45% of Tufts Students Voted in the 2018 Midterm Elections
Data from Tisch College's National Study of Learning, Voting, and Engagement show that Tufts' voting rate more than doubled compared to the 2014 midterms.
Youth voting surged in the 2018 midterms all across the country, and the Tufts campus was no exception. Data from the National Study of Learning, Voting, and Engagement (NSLVE) shows that 45.2% of Tufts students voted in 2018, more than doubling the 18.4% turnout rate from the previous midterms, and eclipsing the national average of 39.1% in 2018.
NSLVE conducted by Tisch College's Institute for Democracy & Higher Education, is the nation's only objective measure of college student voting. Unlike other studies which rely on surveys or other forms of self-reporting to measure voting rates, NSLVE matches deidentified student enrollment data with voter file data to produce an accurate assessment of voting by college students.
The impressive increase in Tufts' studnts rate of electoral participation is a testament to the work of myriad students, faculty, staff, and organizations that partnered to facilitate voter registration, to help students cast absentee ballots or get to the polls on Election Day, and to make our university community a politically informed and engaged campus. Chief among these organizations is JumboVote, a student-led voter engagement initiative supported by Tisch College which helped more than 1,000 members of the Tufts community with their voting registration, held numerous educational events, and even drove students to their voting location last November.
"I am thrilled to see the significant increase in undergraduate voting," said Matthew Tolbert, A21, who co-chairs JumboVote. "Of course, there is a lot of work to be done. We are eager to expand our support for students voting absentee, as well as groups we now know voted at lower rates than their peers. Ultimately, our work is about cultivating a campus culture of civic and democratic engagement, which goes beyond voting. Over the next year, JumboVote will be expanding to better support the Tufts community both on Election Day and beyond," he added.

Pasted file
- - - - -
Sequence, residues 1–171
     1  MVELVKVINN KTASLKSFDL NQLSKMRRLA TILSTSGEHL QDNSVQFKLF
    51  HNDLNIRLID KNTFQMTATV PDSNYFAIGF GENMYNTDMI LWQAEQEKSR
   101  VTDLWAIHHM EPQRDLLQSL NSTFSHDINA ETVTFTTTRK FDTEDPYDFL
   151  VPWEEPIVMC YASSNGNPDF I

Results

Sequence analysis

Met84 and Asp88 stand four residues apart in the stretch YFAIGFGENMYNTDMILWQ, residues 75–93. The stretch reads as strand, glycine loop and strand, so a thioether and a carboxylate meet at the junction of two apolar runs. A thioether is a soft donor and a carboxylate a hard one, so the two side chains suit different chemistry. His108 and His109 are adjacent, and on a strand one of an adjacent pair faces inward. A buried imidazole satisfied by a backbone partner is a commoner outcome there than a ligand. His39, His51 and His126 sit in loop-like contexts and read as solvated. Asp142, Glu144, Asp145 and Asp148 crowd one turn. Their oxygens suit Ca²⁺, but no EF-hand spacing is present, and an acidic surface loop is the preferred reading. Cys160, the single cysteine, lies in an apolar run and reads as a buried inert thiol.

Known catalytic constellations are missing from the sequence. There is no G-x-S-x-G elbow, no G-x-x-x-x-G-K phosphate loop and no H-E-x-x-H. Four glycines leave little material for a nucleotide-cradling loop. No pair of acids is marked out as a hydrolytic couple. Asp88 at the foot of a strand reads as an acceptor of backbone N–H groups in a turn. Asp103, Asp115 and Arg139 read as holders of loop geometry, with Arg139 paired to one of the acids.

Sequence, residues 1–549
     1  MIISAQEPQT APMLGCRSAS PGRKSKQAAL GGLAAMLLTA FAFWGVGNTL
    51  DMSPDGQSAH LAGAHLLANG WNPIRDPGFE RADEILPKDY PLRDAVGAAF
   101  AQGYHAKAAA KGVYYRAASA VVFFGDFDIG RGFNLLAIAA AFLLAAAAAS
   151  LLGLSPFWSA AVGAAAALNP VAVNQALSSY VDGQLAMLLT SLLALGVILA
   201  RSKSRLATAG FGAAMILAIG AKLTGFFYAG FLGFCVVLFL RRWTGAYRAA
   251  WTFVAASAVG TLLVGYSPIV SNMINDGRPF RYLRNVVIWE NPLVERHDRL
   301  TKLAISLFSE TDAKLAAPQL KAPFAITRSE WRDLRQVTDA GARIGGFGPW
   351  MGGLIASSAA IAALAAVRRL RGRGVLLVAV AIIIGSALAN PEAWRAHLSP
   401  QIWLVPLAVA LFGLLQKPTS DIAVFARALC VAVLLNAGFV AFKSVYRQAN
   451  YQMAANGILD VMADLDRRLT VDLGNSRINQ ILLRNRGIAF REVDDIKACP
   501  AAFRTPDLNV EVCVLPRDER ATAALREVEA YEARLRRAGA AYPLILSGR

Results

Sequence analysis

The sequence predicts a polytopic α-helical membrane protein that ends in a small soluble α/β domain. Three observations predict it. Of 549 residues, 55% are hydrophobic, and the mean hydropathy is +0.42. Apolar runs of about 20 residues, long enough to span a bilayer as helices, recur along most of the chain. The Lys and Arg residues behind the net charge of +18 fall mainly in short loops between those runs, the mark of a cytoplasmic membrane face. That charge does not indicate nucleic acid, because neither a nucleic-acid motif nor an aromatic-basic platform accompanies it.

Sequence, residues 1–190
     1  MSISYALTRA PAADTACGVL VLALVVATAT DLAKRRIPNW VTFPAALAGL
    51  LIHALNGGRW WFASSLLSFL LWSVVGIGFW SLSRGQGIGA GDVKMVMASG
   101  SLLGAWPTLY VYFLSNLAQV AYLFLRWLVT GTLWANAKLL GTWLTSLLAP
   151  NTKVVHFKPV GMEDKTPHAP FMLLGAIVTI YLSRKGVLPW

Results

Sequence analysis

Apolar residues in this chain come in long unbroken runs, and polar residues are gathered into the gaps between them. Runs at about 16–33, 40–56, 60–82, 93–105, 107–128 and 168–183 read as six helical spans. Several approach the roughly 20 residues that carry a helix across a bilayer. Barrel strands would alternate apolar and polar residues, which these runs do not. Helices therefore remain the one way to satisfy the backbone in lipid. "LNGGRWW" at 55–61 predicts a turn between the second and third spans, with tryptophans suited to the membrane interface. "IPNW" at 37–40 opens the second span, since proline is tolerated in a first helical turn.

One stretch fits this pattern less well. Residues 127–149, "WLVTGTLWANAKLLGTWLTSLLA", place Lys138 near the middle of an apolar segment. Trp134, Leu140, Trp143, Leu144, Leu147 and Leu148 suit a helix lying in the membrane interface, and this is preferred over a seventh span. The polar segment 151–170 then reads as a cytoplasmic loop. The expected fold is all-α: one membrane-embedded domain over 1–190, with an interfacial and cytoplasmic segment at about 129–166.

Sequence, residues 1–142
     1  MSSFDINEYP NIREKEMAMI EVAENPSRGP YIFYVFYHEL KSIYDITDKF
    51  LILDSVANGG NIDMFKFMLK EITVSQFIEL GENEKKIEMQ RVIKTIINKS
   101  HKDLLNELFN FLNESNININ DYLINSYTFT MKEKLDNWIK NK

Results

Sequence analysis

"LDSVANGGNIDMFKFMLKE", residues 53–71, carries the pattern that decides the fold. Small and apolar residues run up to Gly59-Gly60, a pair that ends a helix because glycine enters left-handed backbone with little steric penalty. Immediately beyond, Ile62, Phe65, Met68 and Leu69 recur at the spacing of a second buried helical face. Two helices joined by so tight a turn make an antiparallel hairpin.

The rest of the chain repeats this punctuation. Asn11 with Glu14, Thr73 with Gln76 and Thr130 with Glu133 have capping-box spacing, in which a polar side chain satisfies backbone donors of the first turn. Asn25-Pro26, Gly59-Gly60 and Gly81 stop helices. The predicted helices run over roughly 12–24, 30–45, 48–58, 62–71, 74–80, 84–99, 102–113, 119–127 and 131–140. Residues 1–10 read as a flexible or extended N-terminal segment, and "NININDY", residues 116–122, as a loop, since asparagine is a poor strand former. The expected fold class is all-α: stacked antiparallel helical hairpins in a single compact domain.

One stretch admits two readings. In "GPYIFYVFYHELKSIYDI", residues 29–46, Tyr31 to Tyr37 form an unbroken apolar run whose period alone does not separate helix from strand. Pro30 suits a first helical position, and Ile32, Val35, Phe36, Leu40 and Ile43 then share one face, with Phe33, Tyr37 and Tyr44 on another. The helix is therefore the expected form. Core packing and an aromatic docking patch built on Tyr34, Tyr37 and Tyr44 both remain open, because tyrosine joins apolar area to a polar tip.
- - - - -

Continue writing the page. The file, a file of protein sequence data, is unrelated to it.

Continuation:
Other significant data from the Tufts voting report include:
- 78% of Tufts students registered to vote, and 58% of those who registered cast a ballot—both higher rates than in 2014.
- As is the case nationally, female students voted at a higher rate than men: 43% vs. 35%
- Remarkably, the voter turnout of students ages 18-21 (42%) was higher than for students ages 22-49, bucking the historical trend of older citizens voting at higher rates and highlighting the remarkable outreach and engagement work of Tufts undergraduates.
- Turnout was highest among undergraduates than among graduate students, and highest among first-year students.
"I'm proud our voting rates increased dramatically, and am really inspired by the fact that first-years had higher voting rates than sophomores and upper-level students; I think this is proof that students are being engaged and are engaging their peers right when they arrive at the university," said Peter de Guzman, A18, who oversaw JumboVote during the 2018 election cycle as Tisch College's Student Outreach Coordinator and now serves as a Research Program Coordinator. "I think that JumboVote has built student capacity for engaging their peers and will continue this effort as they work to close equity gaps in voting at Tufts."